Sri Lankan refugee suffers serious burns from Melbourne factory blaze
April 6, 2019 05:36 pm
A Sri Lankan refugee who was injured during a chemical factory fire in Melbourne is recovering in hospital after being engulfed in flames.
Vignesh Varatharaja, who fled the civil war in Sri Lanka to start a new life in Australia, was set on fire after a chemical drum he was pumping exploded.
Mr Varatharaja was taken to a specialist burns unit where he remains unconscious in a serious but stable condition.
More than $13,000 has been raised by the Migrants Workers Centre to help meet Mr Varatharaja’s upfront medical costs.
The chemical fire tore through the waste management factory, which stores hazardous waste, in Campbelltown early on Friday morning.
Footage of the fire showed a gas canister launching into the sky after being ignited by the blaze.
The fire caused thick, black smoke to spew over Melbourne yesterday and firefighters have yet to completely extinguish the blaze.
About 30 firefighters and 11 trucks continue to fight the blaze but they are being cautious as the structure of the building has been compromised.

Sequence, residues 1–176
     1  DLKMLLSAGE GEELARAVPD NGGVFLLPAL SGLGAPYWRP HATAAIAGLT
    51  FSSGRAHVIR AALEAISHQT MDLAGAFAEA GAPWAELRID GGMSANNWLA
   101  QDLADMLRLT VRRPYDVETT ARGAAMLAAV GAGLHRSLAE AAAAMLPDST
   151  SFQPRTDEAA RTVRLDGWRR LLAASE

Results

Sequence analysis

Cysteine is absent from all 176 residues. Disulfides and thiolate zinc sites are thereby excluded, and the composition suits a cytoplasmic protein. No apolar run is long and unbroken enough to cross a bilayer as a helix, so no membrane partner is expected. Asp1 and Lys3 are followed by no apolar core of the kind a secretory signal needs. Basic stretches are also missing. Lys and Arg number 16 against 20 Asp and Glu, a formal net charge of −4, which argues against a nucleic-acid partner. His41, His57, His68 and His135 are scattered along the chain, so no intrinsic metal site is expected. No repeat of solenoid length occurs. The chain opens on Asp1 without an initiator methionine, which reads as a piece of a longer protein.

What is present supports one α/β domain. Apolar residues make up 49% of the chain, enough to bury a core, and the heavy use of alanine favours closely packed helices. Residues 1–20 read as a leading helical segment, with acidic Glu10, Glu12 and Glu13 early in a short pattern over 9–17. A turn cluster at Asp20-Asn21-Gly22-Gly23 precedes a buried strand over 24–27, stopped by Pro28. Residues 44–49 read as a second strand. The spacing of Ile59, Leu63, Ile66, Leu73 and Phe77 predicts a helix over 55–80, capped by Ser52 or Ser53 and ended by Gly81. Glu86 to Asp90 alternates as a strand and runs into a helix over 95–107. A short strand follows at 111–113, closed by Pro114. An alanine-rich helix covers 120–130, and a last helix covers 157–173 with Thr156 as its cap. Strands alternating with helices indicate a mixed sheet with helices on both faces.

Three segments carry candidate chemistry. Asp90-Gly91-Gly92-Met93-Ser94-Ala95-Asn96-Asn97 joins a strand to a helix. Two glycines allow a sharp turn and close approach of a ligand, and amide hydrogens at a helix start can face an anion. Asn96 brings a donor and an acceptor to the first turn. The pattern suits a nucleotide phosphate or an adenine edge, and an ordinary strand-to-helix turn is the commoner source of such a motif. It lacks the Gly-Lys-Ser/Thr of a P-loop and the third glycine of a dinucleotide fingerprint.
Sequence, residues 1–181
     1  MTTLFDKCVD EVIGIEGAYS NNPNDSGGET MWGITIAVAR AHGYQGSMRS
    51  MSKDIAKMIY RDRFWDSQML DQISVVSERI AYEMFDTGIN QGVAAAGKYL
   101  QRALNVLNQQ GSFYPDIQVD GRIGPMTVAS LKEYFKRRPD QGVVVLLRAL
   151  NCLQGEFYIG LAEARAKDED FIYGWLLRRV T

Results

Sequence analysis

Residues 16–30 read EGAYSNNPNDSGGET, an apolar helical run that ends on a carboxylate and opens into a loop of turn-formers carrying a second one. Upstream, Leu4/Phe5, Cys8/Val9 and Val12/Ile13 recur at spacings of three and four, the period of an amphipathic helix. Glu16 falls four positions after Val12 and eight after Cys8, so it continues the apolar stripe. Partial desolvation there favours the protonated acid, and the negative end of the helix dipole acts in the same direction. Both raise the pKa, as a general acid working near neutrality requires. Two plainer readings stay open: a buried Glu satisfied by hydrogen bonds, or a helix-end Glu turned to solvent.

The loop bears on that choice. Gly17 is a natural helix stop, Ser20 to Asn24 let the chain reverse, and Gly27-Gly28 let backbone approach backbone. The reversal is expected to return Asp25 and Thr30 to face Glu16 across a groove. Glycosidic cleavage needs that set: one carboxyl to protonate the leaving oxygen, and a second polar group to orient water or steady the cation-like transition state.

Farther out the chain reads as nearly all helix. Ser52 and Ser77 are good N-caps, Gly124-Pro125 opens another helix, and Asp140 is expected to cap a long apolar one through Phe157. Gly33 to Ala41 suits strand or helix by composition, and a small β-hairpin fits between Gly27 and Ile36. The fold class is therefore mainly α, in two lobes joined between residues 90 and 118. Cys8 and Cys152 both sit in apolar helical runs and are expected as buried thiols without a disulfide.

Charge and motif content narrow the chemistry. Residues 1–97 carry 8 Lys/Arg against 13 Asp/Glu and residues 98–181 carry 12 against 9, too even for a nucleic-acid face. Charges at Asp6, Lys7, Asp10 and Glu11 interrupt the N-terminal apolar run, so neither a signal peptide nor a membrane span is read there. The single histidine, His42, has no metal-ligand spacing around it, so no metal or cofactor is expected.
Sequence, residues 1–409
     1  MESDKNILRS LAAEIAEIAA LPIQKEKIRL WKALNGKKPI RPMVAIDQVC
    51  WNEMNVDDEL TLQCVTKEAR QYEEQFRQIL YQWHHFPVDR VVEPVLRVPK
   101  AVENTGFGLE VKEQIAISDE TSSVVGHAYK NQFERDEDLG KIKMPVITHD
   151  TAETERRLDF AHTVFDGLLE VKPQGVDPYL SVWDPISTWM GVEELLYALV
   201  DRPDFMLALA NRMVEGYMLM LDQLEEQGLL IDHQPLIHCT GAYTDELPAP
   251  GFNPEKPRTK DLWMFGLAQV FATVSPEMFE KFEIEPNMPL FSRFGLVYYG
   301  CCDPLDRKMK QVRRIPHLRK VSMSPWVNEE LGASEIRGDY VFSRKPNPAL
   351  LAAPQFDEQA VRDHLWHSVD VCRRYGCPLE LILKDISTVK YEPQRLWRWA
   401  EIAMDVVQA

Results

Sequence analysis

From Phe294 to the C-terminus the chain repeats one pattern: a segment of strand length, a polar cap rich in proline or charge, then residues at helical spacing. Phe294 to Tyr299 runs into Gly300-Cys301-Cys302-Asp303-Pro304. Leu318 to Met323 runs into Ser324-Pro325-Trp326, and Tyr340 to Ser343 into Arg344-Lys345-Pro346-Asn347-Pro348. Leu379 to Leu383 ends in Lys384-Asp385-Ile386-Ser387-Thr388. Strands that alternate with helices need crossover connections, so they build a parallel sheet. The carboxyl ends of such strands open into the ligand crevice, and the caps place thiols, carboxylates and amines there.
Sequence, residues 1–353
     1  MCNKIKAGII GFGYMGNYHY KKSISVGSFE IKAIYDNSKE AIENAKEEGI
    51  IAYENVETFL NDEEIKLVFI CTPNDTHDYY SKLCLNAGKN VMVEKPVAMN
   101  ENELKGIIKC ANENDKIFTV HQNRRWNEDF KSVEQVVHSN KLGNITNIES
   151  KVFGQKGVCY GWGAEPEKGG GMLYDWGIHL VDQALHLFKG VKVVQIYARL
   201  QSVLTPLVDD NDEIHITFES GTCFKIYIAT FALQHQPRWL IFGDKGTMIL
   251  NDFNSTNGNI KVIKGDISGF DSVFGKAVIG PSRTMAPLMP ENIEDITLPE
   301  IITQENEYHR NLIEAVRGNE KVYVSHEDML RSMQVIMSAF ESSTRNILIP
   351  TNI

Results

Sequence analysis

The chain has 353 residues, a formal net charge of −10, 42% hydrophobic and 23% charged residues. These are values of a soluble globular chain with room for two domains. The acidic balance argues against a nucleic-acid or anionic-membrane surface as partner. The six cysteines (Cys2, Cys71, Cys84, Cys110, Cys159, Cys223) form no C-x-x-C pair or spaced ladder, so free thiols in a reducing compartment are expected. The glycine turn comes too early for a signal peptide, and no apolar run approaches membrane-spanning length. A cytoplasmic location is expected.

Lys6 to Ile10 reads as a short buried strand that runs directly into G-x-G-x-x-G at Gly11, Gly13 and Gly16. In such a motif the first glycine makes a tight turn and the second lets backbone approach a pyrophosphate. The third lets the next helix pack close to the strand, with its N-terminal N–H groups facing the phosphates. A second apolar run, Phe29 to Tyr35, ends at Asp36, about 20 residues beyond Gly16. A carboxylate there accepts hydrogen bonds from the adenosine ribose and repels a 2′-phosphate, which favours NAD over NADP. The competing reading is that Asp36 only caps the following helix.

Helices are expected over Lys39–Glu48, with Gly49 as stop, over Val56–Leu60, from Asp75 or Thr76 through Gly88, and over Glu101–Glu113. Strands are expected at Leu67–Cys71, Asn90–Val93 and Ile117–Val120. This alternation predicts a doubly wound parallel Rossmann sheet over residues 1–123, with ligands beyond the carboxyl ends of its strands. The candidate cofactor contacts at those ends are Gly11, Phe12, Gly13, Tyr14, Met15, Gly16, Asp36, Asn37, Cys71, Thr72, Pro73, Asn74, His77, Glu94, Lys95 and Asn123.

An investigation into the fire has been launched following a request from the fire brigade.
The secretary of the The Australian Workers Union (AWU), Ben Davis, shared concerns about Mr Varatharaja’s condition.
‘He was working out there at the company when the fire started, he was immediately transported to the Northern Hospital and then from there to the Alfred hospital,’ Mr Davis told the ABC.
‘As we all know you don’t get to the Alfred unless you’re quite unwell. He is quite badly hurt.’
Members of AWU stated they raised concerns last year about the factory’s unsatisfactory health and safety conditions.
In the wake of the fire, it has been revealed by 9News that the owner of the factory is linked to four other warehouses stocked with hazardous material.
Bradbury Industrial Services, who operated the factory, had their licence to accept material revoked on March 15 by Victoria’s Protection Authority (EPA).
The inspection conducted by the EPA found that the company had stored 400,00 litres of hazardous material on site when their license only permitted 150,000.
The EPA stated that the day before the fire, 300,000 litres of hazardous material remained at the factory.
Source: Daily Mail Australia